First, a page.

Before beginning the process of valuing marital assets, it is important to determine which properties are considered to belong to the marital estate, and which are considered individual, non-marital property. In general, non-marital property is that which was acquired by either spouse before the marriage, whereas marital property is that which was acquired by either spouse during the marriage, except through an inheritance, gift, or a few other exceptions. In some cases, however, non-marital property may have been combined or commingled with marital property in a way that makes it difficult to isolate during a divorce. It is usually a good idea to work with a personal accountant or another financial professional to help you distinguish marital and non-marital property.

Once you have a better idea of which properties are considered marital, it is then important to determine how much each of them is worth. Some assets, like bank accounts, retirement accounts, and stock investments, have a relatively straightforward value, but it is important to establish a date at which the value is determined for division purposes, since it may fluctuate over time. You may be able to agree upon a date with your spouse, or the court may make the decision.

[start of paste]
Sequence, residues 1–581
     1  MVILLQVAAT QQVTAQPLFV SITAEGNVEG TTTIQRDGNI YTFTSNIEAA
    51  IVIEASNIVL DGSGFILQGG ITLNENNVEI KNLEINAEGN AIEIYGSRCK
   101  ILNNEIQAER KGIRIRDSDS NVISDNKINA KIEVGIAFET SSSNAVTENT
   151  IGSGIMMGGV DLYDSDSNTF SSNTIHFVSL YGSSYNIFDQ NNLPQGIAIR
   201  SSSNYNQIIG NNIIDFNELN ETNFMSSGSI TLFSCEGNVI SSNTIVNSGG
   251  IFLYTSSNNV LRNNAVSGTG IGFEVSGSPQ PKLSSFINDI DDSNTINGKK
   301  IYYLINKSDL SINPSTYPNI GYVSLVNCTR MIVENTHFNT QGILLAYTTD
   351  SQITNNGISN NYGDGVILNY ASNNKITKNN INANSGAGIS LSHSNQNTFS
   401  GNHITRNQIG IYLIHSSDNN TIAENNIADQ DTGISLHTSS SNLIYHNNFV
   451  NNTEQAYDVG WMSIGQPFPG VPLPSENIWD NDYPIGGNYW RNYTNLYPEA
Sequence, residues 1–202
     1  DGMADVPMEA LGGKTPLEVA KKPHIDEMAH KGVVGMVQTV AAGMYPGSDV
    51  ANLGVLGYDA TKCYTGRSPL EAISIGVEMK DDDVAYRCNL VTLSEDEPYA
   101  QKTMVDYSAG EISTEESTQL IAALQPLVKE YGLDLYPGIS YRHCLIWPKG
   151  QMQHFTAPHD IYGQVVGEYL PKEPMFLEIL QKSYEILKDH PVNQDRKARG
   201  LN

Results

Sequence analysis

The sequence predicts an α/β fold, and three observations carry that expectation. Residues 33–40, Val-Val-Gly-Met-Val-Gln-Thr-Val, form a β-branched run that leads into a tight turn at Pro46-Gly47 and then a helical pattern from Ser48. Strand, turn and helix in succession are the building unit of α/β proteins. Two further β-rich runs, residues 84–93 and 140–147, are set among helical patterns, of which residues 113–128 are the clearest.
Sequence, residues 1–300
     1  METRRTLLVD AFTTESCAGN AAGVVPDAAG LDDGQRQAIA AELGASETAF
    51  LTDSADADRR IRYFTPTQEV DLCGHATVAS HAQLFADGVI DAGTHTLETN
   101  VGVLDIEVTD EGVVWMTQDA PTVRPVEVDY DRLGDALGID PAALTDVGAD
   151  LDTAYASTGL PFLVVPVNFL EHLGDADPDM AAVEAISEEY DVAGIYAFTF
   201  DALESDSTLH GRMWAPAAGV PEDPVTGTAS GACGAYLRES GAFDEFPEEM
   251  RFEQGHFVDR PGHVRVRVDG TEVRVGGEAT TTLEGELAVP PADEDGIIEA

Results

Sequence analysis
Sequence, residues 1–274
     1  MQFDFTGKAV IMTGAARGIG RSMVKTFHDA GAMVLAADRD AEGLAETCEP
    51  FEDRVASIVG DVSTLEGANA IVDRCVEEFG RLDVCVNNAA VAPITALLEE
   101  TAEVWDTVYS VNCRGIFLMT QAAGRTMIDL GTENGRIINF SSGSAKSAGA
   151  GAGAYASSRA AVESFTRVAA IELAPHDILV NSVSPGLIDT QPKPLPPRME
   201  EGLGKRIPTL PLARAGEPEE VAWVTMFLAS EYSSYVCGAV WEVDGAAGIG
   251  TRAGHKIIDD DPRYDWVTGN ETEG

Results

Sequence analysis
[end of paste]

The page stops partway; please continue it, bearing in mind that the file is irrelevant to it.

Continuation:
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Wheaton family law attorneysIn an Illinois divorce, couples must divide all marital property equitably according to their personal situation. In order for a fair distribution to occur, it is important to ensure that neither spouse intentionally harms or selfishly uses property belonging to the marital estate in the time leading up to the divorce. If you believe that your spouse has been dissipating marital assets, it is important to work with an attorney to gather evidence and present your case to the court to make the situation right.

What is Considered Dissipation of Assets?

In order for a spouse’s spending or use of property to be considered dissipation of marital assets, Illinois law states that it must take place after the marriage has started to break down irretrievably. The behavior must also involve marital property, generally meaning assets acquired during the marriage that are considered to belong to both spouses. A spouse using his or her own non-marital assets during this time will likely not affect the divorce resolution.

The assets in question must also have been spent in a way that harms the marital estate or benefits only the spouse who does the spending. Possible examples include making an extravagant purchase or going on a solo trip, gambling excessively, destroying marital property, or spending money on an affair outside of the marriage.